A new generation of so-called “floating” offshore wind turbines are being developed in France, Europe and the world. These wind turbines will soon have reached technological maturity to be installed in farms with several dozen units. In order to reduce the costs of installation, geotechnical investigations and also maintaining these anchors; the anchors sharing seems to be a very promising lead. In such a mesh of floating wind turbines, each wind turbine is anchored to the seabed by 3 mooring lines and each anchor could hold three lines holding three different wind turbines in directions 120 degrees apart. Thus, the number of anchors required for a wind farm could be reduced by more than half.
The problem is that the multi-directionality of anchor loading has not yet been studied very carefully in offshore geotechnical engineering. Indeed, until now, studies (but also design standards) have come from oil&gas practice that has never required fields of floating structures. In addition, for security reasons, the anchor lines of platforms or FPSOs are tripled (or even quadrupled) in order to anticipate a possible failure of lines.
Scientific advances and innovation
In this MUTANC-GEOTECH project, the Gustave Eiffel University, the University of Nantes and France Energies Marines propose to study the problems of soil-anchor interactions related to one-way multidirectional and cyclical loads. At the geotechnical centrifuge of the Gustave Eiffel University, one-way loading tests, multidirectional and cyclical, will be performed on small-scale models. The advantage of placing these small-scale models in a macro-gravity field is to generate on this model the same stress state that is applied to the prototype in real size. Thus, a model reduced to the 1/100th subjected to a macro-gravity field of 100×g (100 times The Earth’s gravity) behaves like the prototype. These centrifuge tests will serve to calibrate a numerical model of the soil-anchor system that will be developed at the University of Nantes. Once this numerical model obtained, it will be used to study the temporal behaviour of the ground-anchor system in the presence of the actual stochastic loading that has been determined in the coupled France Energies Marines MUTANC project.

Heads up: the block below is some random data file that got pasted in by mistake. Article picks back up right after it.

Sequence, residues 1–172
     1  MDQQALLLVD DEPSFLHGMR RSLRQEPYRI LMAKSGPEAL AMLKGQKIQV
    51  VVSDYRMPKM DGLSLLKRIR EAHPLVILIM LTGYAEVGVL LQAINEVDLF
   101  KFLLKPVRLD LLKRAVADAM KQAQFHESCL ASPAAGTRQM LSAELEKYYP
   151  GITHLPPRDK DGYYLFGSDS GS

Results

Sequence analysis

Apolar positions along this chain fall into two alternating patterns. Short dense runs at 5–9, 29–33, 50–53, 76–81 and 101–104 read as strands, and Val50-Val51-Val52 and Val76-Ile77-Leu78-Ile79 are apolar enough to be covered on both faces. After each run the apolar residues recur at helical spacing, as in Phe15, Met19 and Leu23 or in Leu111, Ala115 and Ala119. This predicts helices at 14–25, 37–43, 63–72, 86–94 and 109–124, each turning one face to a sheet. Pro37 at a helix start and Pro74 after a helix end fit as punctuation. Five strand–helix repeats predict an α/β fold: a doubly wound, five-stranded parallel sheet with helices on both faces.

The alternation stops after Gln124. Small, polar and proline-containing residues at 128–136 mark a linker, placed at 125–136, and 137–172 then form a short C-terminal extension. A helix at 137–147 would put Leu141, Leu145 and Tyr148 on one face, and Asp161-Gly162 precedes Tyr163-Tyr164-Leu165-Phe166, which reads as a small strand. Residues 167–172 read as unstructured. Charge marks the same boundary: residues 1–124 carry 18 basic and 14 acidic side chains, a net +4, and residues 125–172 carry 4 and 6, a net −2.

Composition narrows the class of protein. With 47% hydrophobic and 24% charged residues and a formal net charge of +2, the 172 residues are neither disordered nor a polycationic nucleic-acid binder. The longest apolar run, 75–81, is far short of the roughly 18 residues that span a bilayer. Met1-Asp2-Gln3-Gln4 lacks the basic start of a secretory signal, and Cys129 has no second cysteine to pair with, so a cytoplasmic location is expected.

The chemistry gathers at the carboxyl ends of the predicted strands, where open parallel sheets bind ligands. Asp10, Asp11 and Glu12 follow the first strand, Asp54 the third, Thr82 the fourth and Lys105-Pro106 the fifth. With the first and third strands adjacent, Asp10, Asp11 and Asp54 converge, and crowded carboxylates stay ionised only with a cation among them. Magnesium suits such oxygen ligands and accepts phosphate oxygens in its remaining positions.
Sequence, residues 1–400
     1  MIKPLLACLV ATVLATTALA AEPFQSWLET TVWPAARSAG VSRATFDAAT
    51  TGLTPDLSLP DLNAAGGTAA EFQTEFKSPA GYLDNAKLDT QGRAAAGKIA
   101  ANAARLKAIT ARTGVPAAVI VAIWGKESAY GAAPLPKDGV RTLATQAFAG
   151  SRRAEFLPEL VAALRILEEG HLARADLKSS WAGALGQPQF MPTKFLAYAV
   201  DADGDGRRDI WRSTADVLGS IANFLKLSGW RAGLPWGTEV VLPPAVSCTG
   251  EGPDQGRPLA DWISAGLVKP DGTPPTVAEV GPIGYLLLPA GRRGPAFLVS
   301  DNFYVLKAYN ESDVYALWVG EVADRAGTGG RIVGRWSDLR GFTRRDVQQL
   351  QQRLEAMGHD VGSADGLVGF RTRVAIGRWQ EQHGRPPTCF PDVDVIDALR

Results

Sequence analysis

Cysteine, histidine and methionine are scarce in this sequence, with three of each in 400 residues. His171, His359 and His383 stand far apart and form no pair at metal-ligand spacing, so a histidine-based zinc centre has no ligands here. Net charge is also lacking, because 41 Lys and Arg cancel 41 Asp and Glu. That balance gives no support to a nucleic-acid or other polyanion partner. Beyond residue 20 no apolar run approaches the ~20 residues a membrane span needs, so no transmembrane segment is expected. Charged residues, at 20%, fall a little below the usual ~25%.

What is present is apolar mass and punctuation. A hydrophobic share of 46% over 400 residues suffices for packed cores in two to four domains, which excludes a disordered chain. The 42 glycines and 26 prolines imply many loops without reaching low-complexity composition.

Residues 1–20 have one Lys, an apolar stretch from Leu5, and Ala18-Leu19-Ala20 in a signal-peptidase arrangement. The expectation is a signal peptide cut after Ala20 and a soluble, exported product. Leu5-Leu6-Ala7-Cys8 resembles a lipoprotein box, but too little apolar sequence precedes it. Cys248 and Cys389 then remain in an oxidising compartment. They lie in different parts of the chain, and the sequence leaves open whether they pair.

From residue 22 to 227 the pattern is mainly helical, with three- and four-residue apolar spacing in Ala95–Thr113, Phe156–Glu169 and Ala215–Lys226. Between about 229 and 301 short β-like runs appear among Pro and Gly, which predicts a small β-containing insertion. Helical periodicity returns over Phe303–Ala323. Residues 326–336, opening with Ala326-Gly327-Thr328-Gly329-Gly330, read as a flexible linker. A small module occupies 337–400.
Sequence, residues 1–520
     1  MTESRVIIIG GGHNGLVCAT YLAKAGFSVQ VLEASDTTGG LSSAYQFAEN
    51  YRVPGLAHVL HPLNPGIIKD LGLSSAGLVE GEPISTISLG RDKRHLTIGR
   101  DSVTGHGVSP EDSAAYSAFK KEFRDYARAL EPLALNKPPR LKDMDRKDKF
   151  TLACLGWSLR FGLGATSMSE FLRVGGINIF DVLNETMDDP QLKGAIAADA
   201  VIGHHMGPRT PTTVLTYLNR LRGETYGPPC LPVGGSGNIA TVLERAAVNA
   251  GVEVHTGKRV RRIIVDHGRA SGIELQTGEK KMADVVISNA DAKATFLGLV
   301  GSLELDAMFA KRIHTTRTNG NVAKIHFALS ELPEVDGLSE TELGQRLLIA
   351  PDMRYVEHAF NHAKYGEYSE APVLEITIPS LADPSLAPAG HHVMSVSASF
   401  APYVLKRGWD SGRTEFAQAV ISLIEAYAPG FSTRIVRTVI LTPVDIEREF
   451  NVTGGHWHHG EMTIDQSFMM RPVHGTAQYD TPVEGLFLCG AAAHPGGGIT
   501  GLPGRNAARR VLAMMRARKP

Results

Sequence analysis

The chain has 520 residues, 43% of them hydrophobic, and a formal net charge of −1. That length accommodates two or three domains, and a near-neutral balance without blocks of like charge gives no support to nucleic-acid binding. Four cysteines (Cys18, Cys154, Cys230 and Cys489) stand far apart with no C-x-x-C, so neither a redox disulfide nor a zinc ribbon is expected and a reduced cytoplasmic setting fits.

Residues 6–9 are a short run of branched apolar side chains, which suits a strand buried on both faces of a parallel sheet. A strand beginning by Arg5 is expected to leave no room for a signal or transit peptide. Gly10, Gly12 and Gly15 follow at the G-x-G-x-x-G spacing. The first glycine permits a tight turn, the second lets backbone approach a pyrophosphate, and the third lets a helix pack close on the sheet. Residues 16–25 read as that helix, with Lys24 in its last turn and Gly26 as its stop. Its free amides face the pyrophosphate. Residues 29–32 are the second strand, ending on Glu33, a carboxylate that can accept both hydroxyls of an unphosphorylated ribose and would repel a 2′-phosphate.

Expected technical and economic impact
The project therefore targets:
- the development of the new loading system validated by centrifuge tests;
- a centrifuge test campaign producing results feeding the numerical model;
- a numerical model taking into account the cyclic behavior of the soil.
Via this objective of studying the “geotechnical” feasibility of pooling anchors in floating wind turbine farms, the aim is to significantly reduce the number of anchors on an EMR field and therefore the cost of installation and geotechnical investigations but also maintenance of such farms.
Key project milestones
- September 2021 - Start of the project
- Aujust 2024 - End of the project